Internet safety for kids

Netsafe is an independent non-profit organisation who provides cybersafety education for all New Zealanders. NetSafe’s aim is to educate all New Zealanders about safe, secure and responsible use of information and communication technology.

Hectors World teaches children from 3 years up how to keep safe on the internet. For tweenies and teens, Netsafe covers the following topics:

1. Someone is sending me nasty texts, what can I do?
2. People are saying mean stuff to me on bebo/myspace- what can I do?
3. I saw some pictures and i don’t feel very good now
4. I need to research for my project, how do I do this?
5. My friend uses limewire to get music is it safe?

Australia’s Internet Safety Advisory Body, Netalert, offers practical advice on internet safety for parents:

  • Spend time online with your children and explore websites together.  Take an interest in what they like to do online.
  • Help your children use the Internet as an effective research tool – learn about handy homework tips for children and also good searching ideas.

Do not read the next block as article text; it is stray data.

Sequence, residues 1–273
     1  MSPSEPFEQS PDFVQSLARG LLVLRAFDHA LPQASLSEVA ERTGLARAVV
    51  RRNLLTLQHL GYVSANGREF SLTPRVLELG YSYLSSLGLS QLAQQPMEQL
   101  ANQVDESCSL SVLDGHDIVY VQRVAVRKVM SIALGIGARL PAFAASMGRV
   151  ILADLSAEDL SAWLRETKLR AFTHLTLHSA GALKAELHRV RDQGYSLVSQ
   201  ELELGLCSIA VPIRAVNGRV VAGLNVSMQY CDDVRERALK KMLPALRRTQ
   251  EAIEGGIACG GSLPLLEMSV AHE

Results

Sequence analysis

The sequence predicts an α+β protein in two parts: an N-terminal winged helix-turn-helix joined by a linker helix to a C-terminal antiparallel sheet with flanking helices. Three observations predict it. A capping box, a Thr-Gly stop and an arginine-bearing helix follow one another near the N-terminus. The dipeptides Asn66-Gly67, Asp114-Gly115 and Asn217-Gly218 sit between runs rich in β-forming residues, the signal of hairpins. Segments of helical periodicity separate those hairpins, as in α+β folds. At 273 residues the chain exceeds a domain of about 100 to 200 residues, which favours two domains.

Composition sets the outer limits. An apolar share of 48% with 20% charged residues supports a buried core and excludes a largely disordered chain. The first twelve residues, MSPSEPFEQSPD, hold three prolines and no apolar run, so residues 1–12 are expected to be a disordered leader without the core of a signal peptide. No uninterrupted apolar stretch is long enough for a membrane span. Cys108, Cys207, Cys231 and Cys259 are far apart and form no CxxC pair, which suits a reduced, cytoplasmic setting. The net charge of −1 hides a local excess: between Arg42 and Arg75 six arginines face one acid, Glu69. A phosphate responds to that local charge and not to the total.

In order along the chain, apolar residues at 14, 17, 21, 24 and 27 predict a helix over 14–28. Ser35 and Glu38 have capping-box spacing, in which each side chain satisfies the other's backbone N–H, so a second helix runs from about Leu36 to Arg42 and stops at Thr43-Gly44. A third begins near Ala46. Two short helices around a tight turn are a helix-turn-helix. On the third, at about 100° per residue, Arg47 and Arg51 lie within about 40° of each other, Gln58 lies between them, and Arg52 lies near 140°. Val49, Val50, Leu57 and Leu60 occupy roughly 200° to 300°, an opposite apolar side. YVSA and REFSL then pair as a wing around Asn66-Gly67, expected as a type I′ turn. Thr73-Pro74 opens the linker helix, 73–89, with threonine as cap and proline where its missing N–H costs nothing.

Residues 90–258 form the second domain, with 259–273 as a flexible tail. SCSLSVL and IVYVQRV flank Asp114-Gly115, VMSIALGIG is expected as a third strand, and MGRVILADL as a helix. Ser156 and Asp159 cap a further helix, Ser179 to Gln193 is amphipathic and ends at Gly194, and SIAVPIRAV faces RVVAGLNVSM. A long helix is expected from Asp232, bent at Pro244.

• Be aware of you children communicating to people they don’t know, particularly in chat rooms. Set house rules about what information your children can give out.
  • Put the Internet enabled computer in a public area of the home, such as the living room, rather than a child’s bedroom.
  • Talk to your children about their Internet experiences – the good and the bad. Let them know it is OK to tell you if they come across something that worries them and that it does not mean that they are going to get into trouble.
  • Teach your children the ways to deal with disturbing material – they should not respond if someone says something inappropriate and they should immediately exit any site if they feel uncomfortable or worried by it.
  • Teach children that information on the Internet is not always reliable.
  • Encourage children to treat others in the same way that they would in real life by giving them an understanding of netiquette.
  • Know the best ways of avoiding spam and how to identify it when it when it first appears.
  • Set some appropriate guidelines for Internet use and discuss them with the children in your care.

Children need parents and carers to teach them how to make smart choices about who and what they find online, how to deal with commercial material, how to safeguard their privacy, how to have a positive experience when meeting people online, and how to use their time on the Internet effectively.

The types of rules you may have made about dealing with real life strangers or what children can watch on television may also be relevant to the Internet.

 

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